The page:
Holmes County Times-Advertiser | A5 Wednesday, August 3, 2011 Generation Brady Bunch caught in the middle By Jill Pertler Special to the Times-Advertiser I grew up watching Greg, Marsha, Peter, Jan, Bobby and Cindy. Like the rest of the Brady Bunch generation, I now nd I myself at an awkward age: too old to be young and too young to be old. I guess you could say Im stuck somewhere in the middle. The middle of what Im not sure. It cant be middle age. Can it? Jan Brady would be the rst to tell us that the middle is not the most desirable place to be. She was sandwiched between ever-popular Marsha and cute-as-a-bug Cindy, leaving her in the awkward role of middle sister. Poor Jan. I dont have to worry about being anked by Marsha and Cindy. My concerns are much more expansive: I am surrounded by air. Its air thats getting heavier all the time as the gravity of gravity kicks in and my body responds accordingly. Sagging and slumping are doing their best to sneak into my everyday persona. The threats of the upper arm jiggles become more real with each passing year. Im hearing creaks and groans and theyre not coming from the furniture. When I bend over, someone in the room lets out a sigh. If I didnt know better, Id swear the noise was coming from my mouth, but that cant be possible. Even my skin is stuck in the middle. Around my eyes, I see the start of drooping and bagging worthy of a moisturizer, while other spots on my face show themselves in dire need of an acne solution. Ive heard of combination skin, but I dont think this is what the creators of the term meant. Sometimes growing older feels as awkward as when Peter Bradys voice changed on national TV or when Marsha had that thing with her nose. Perhaps its even as uncomfortable as Greg dating his mother (Florence Henderson) in real life which they did, but only once. Thank goodness. Some awkward moments need no repeating. Like the rest of us Brady-watchers, Ive seen the world (and my waistline) evolve during my lifetime. Ive witnessed new inventions like microwave ovens and curling irons. I used to think Twinkies and Wonder Bread were a food group. I remember when telephones were tethered to the wall and when you wanted to change the TV channel from The Partridge Family to Wonder Woman you had to get up off your chair to do so. The idea of a remote was, well, remote. As was the idea of growing older. It still doesnt come easy at least not for me. Id rather be thirty-something than an F-word. After you leave your thirties, you stare down the throat of being an Fword for a long time at least a couple of decades if youre lucky. Because awkward or not, theres denitely one thing worse than being in this particular stage of life: the alternative. These are wise words straight from my dad. Hes a smart guy who manages to make 80 look young. He gives good advice. Its advice I should probably heed. I guess Ill pour some more water into my half-full glass and recognize the benets of being in the middle. For instance, theres experience, insight and knowledge of awkward mistakes I dont want to repeat. And then, theres the obvious choice: Twinkies. Everyone knows the creamy middle is the best part. I think even Jan Brady would have to agree with me there. Jill Pertler, award-winning syndicated columnist and author of The Do-It-Yourselfers Guide to SelfSyndication is collecting fans on Facebook on her Slices of Life page. Email her at firstname.lastname@example.org; or visit her website at http://marketing-bydesign.home.mchsi.com/. Sinkhole insurance coverage stirs controversy By Randal Yakey Florida Freedom Newspapers PANAMA CITY There might be a sinkhole debate coming to an auditorium near you. After Floridas largest property insurance company, Citizens Property Insurance Group, proposed an average increase of nearly 430 percent, state Sen. Mike Fasano, R-New Port Richey, called the rate hike a kick in the gut to citizens and called for statewide hearings. Fasano wrote a letter to Insurance Commissioner Kevin McCarty of the Ofce of Insurance Regulation (OIR) requesting statewide customer hearings be held before Citizens recent application for increased sinkhole premiums are approved. On July 25, Citizens released its list of proposed rate hikes for its customers who carry sinkhole coverage. The average increase amounts to 443 percent statewide, but some counties will see increases of between 1,500 and 2,000 percent. In light of these almost incomprehensible rate increases, I respectfully expect that all Floridians be given the chance to have their voices heard on this issue before the Ofce of Insurance Regulation rules on the application, Fasano wrote to McCarty. Hearings held throughout the state, especially in those areas which will receive the highest rate increases, must be held before the application is given consideration. Now that Citizens has made its intentions known, Fasano believes private insurers will not be far behind. If private insurers follow Citizens lead, then Floridians will have few affordable options left if they need or want sinkhole coverage, Fasano said. It is my hope that Commissioner McCarty allows hearings to be scheduled so that those impacted will have the opportunity to say, in their own words, just how devastating these proposed premium hikes will be. The OIR has identied increased sinkhole claims as one of the factors driving up the cost of homeowners insurance rates. Insurance industry ofcials said there has been a substantial increase in the frequency of claims, and that these claims are being led outside the traditional sinkhole alley in Hernando and Pasco counties. A 2010 study showed that 11 counties in the central and southern part of Florida accounted for about 90 percent of all sinkhole claims, but, although they are rare in the Panhandle, sinkholes do occasionally occur here. A woman who drowned in Washington Countys Crystal Lake in 2004 might have slipped into a sinkhole, according to a News Herald report from the time. In 2002, a 4-foot-deep sinkhole opened in a westbound lane of U.S. 98 between Panama City Beach and Destin, closing the highway to trafc for hours. A court case in 1992 centered on a Marianna couples quest to convince their insurance company that their house was perched on a sinkhole. A jury agreed, awarding the couple $50,000 to make repairs. According to a News Herald report at the time, they werent the rst Marianna residents to complain about sinkholes. We get them every so often, John Mader, Jackson Countys emergency management director, told The News Herald in 1992. It (damage) is usually very small. It doesnt even get reported in a lot of cases. The road department will occasionally patch a hole in the road that was caused by a minor sinkhole. S P E CIA L T O T HE T IM E S -ADVER TIS ER Sheila Hayes presents Covenant Hospice with a donation from the third annual Canoe for Cancer Benet. The June 4 canoe trip was another success this year. We had 50 participants donate and canoe for the ght against cancer, Hayes said. She made the decision to keep the proceeds local, giving half to a local family ghting cancer and the other to Covenant Hospice. Covenant Hospice is honored to be one of the recipients of the proceeds, said Jennifer Grifn, development manager with Covenant. CANOE TRIP BENEFITS HOSPICE If private insurers follow Citizens lead, then Floridians will have few affordable options left if they need or want sinkhole coverage.State Sen. Mike Fasano, R-New Port Richey COLUMN Personal spending cut for 1st time in 2 yearsWAS H INGT O N (AP) Amer i cans cut their spend ing in June for the rst time in nearly two years after seeing their incomes grow by the smallest amount in nine months. The latest data offered a troubling sign for an economy that is adding few jobs and barely growing. Consumer spending dropped 0.2 percent in June, the Commerce De partment said Tuesday. It was the rst decline since September 2009. Some of the decline was the result of food and en ergy prices moderating af ter sharp increases earlier this year. When excluding spending on those items, consumer spending was at. Still, consumers also cut back on big-ticket items, such as cars and ap pliances, which help drive growth. Incomes rose 0.1 per cent, the smallest gain since September. Many people are also pocketing more of their paychecks. The personal savings rate rose to 5.4 percent of aftertax incomes, the highest level since August 2010. The data conrmed last weeks report that showed the economy expanded at an annual rate of just 1.3 percent in the spring after only 0.4 percent growth in the rst three months of the year. It also highlighted that consumer spending softened at the end of the April-June quarter, which could mean the sluggish economy is worsening. Stocks fell after the report was released. The Dow Jones industrial av erage dropped more than 100 points in morning trad ing. Broader indexes also declined. The recent run of weak economic news has made us more concerned that any rebound will be more mod est than previously looked likely, said Paul Dales, senior U.S. economist at Capital Economics. High gas prices and un employment have squeezed household budgets this spring. Many Americans are cutting back on pur chases of cars, furniture, appliances and electron ics. Consumer spending is closely watched because it accounts for 70 percent of economic activity. Employers have re sponded by reducing hir ing. The economy added just 18,000 net jobs in June, the fewest in nine months. The unemployment rate rose to 9.2 percent, the highest level this year. The government issues its July employment re port Friday. Businesses are creat ing fewer jobs despite re porting strong earnings and sitting on large cash reserves. What worries me is that businesses are deriv ing their strong earnings growth through produc tivity gains, limited wage increases and foreign ac tivities, said Joel Naroff of Naroff Economic Advi sors. While that may be good for an individual rm, when most companies do that, income gains become so limited that spending and ultimately growth fades. That is the problem we are now facing. The biggest drop in spending occurred in such items as food and gaso line. Spending on such nondurable goods fell 5.5 percent, reecting price declines after spikes ear ly this year. An ination gauge tied to consumer spending dropped 0.2 per cent in June, the biggest one-month decline since September 2009. Outside of food and energy, prices were up 0.1 percent. Still, spending on du rable goods, such as autos, also fell in June 1.1 per cent. One reason for the decline may be the short age of popular car mod els in showrooms. Supply chain disruptions caused by the March earthquake in Japan have limited pro duction of auto and elec tronic parts. Many analysts are still hopeful that growth will re bound in the second half of the year. They expect auto production and sales to pick up once supply chain disruptions ease. But the turnaround may not come for a while. Manufacturers had their weakest growth in two years in July, according to the Institute for Supply Management. And gas prices remain high, even after coming down from their peak of nearly $4 a gallon in early May. The average price for a gallon was $3.70 on Tues day 14 cents higher than a month ago and almost a dollar more than the same month last year. Some economists have begun to trim their fore casts for the second half of the year. Dales and his colleagues at Capital Economics have cut their outlook for second-half growth to 2 percent, down from a previous forecast of 2.5 percent growth in the second half of this year. AP A driver lls up his car. Loss of buying power means less fuel is being bought, and the price of crude is dipping. Local | Nation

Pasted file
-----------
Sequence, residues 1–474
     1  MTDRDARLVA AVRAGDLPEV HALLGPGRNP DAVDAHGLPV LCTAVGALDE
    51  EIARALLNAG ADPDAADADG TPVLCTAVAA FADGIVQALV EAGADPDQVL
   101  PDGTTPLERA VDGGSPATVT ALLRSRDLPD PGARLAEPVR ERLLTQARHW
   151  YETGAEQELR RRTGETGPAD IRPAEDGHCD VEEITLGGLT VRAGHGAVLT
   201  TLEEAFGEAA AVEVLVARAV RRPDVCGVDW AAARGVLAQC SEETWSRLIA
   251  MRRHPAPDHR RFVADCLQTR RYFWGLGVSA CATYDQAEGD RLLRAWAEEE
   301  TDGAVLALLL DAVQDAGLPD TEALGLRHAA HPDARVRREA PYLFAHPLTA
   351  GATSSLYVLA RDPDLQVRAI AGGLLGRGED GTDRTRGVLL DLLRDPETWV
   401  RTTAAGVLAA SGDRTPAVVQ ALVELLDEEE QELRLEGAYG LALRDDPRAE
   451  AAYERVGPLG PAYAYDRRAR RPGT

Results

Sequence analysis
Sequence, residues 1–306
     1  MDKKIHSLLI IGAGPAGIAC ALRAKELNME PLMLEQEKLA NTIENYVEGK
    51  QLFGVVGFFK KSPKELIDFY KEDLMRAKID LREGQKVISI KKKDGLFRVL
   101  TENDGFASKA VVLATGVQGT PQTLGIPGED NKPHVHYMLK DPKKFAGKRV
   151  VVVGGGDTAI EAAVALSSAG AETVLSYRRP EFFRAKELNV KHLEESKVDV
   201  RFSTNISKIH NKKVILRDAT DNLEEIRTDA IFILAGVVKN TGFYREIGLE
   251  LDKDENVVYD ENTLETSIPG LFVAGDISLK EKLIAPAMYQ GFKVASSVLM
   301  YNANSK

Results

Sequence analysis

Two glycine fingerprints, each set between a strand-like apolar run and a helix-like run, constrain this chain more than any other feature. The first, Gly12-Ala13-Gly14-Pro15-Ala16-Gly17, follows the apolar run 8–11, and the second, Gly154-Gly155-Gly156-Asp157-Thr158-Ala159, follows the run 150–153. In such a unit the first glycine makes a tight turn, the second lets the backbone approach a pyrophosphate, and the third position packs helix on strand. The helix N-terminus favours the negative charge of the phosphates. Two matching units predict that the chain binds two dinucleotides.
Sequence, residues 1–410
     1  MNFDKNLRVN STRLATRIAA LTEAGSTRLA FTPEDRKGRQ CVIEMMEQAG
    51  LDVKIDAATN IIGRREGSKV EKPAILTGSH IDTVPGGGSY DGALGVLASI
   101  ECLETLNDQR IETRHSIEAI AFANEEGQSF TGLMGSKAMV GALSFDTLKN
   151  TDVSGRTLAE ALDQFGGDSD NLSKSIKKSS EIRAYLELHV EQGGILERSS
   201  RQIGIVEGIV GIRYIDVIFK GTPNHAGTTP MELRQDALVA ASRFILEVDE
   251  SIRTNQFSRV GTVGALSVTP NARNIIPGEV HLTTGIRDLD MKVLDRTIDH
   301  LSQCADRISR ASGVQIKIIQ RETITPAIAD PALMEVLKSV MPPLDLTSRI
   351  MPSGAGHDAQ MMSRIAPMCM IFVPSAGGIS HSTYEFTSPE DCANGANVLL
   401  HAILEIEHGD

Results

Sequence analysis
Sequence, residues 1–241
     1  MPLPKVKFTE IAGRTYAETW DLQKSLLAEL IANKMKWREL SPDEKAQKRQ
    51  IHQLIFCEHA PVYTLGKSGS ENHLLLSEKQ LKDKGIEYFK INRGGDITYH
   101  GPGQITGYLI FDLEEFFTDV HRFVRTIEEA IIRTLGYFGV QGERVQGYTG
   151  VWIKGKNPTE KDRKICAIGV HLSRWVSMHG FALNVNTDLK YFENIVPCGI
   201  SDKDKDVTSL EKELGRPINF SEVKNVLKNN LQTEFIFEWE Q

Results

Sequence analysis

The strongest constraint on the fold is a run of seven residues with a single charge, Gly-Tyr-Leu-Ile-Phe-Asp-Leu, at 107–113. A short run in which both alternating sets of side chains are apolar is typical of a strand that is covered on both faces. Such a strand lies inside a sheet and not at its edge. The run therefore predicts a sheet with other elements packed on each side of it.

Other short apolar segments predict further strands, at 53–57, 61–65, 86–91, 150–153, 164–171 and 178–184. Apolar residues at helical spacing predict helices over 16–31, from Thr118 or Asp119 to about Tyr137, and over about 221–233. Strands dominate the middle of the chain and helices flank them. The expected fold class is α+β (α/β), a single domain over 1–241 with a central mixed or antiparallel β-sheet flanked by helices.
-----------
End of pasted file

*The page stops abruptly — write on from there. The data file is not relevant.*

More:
OUTD OO RS www.bonifaynow.com | www.chipleypaper.com Send your Outdoors news to email@example.com A Section If you got up early enough on weekends a few years back, you will surely remember a television show on Fox 28 called Bottom Time. It featured Capt. Laney T. Rinehart and his sidekick. Capt. Laney and his guest host would spin some pretty tall yarns that people who never had dived would have a hard time believing. They also would show some ne underwater footage shot on actual lm, instead of video as is done today. I had heard of Capt. Laney for some time before we met. After seeing him on Fox, I made it an emphasis to meet this man I had heard so much about for years. Capt. Laney and I had a lot in common, and we became friends almost immediately. Capt. Laney gave me a copy of his diving book, The Captains Guide to Wrecks and Reefs, which I will cherish forever. If you are new to diving or shing, I would recommend picking up this book, because I guarantee it will come in handy. It is loaded with diving and shing spots that arent readily available elsewhere. I hadnt seen Capt. Laney very much of late, but when I did, we talked diving. He even invited me to go along on a treasure hunt for gold here in Bay County. I suppose that gold never will be found, and we wont be able to make that trip because Capt. Laney died recently in a local hospital. Laney Rinehart was one of those people I wished I had met years ago. The next time you go by Captain Andersons Restaurant, take a good look at the giant ship propeller at the entrance. Capt. Laney is responsible for it being there. There is a great story that goes along with that propeller, and you can read about it in his Wrecks and Reefs. If you ever met Capt. Laney, you would probably agree with me that he was an interesting man. I will miss him, and Im sure many others will, too. On the last page of his book he ended it this way: OH, GOD. Grant us a safe journey and let us enjoy each and others company. Shorten the nights and lengthen the days of our lives. Please give us dominion over all living things, Calm the seas and allow our vessel to be aoat every morning. Our vessel is so small and thy sea is so great. In Jesus name, Amen. Hooked on Outdoors Special to Florida Freedom Newspapers Matt Fender displays his a 27-inch, 6-pound trout caught recently in East St. Andrew Bay. Special to Florida Freedom Newspapers Cecilia Mathews hauled in a 12-pound red snapper 20 miles offshore of Destin. SUBMIT YOUR HUNTING AND FI S HING PHOTO S TO N EWS@C HIP LE YPAP E R C OM Scott Lindsey Outdoor Writer firstname.lastname@example.org Special to Florida Freedom Newspapers Mary Nell Stone caught this 2-pound, 6-ounce brim at Hobbs Farm in Chipley. By Felicia Kitzmiller News Herald Writer 522-5114 | email@example.com PANAMA CITY Millions have enjoyed the sugar sand beaches and clear waters of the Emerald Coast, but far fewer have seen the attractions that wait off the coast, below the surface of the inviting waters. The Panhandle is the No. 2 most popular drive-to recreational diving location in the country, only behind the Florida Keys, dive instructor and enthusiast Danny Grizzard said. In the months following the Deepwater Horizon oil spill disaster that devastated the economy of the Florida Panhandle, Roger Smith, an archeologist with the Florida Department of States Division of Historical Resources, said he found himself contemplating ways to help boost tourism in the struggling region. Smith decided to hone in on the regions already successful diving industry. After contacting friends in the region, an idea has begun to take shape for an interactive map and trail of Panhandle shipwrecks that will hopefully pique the publics interest and bring people back to the Panhandle. The trail likely will consist of about a dozen shipwrecks spread from Mexico Beach to Pensacola. Smith and his team are meeting with people in the dive community to take suggestions for sites and put together a list. Some of Panama Citys attractions in consideration for the trail include the SS Tarpon, a steamer used in the Spanish American War to bring troops and supplies to Cuba; the Black Bart, the Grey Ghost, and the Red Sea, all tugboats; and the Chippewa, a coastal freighter. The history of each one of these sites is very interesting, Smith said. The trail will be designed to accommodate divers with different levels of experience and will have ships at varying depths, Grizzard said. The trail will be branded as a cohesive unit, and passports, similar to those produced by the National Parks Service, will be produced to encourage people to visit each of the dive sites and check them off on their passport. Brochures and an interactive website map that can be linked to by dive shops and tourism websites hopefully will spread the word about the trail and what it has to offer, Smith said. When people think about coming to the Panhandle, they can see that theres a shipwreck trail, and hopefully itll keep them there a day or two longer, he said. So far, the response to the project has been very positive and energetic, Smith said. He wants the project to be community-based and is looking for people now who or are interested in shooting underwater video and photos of the wrecks for the project. Such contributions will enhance the quality of the marketing of the trail and will speed the project along. Smith said he wants to have the trail and its supporting materials completed by spring 2012. People interested in helping with the project can contact Smith by email at firstname.lastname@example.org..us or Grizzard at email@example.com. Shipwreck trail might lure divers into the water Dive in P hotos courtesy of D ANNY G RIZZARD | FAMI The 143-foot Accokeek tug sinks into the Gulf in 2000, 56 years after it was launched. It became part of the articial reef program off Bay County after being decommissioned. TOP : The Red Sea was a 125-foot tugboat that broke down off Miami and was towed to Bay County and sunk for an articial reef in 2007. Wednesday, August 3, 2011 Page 6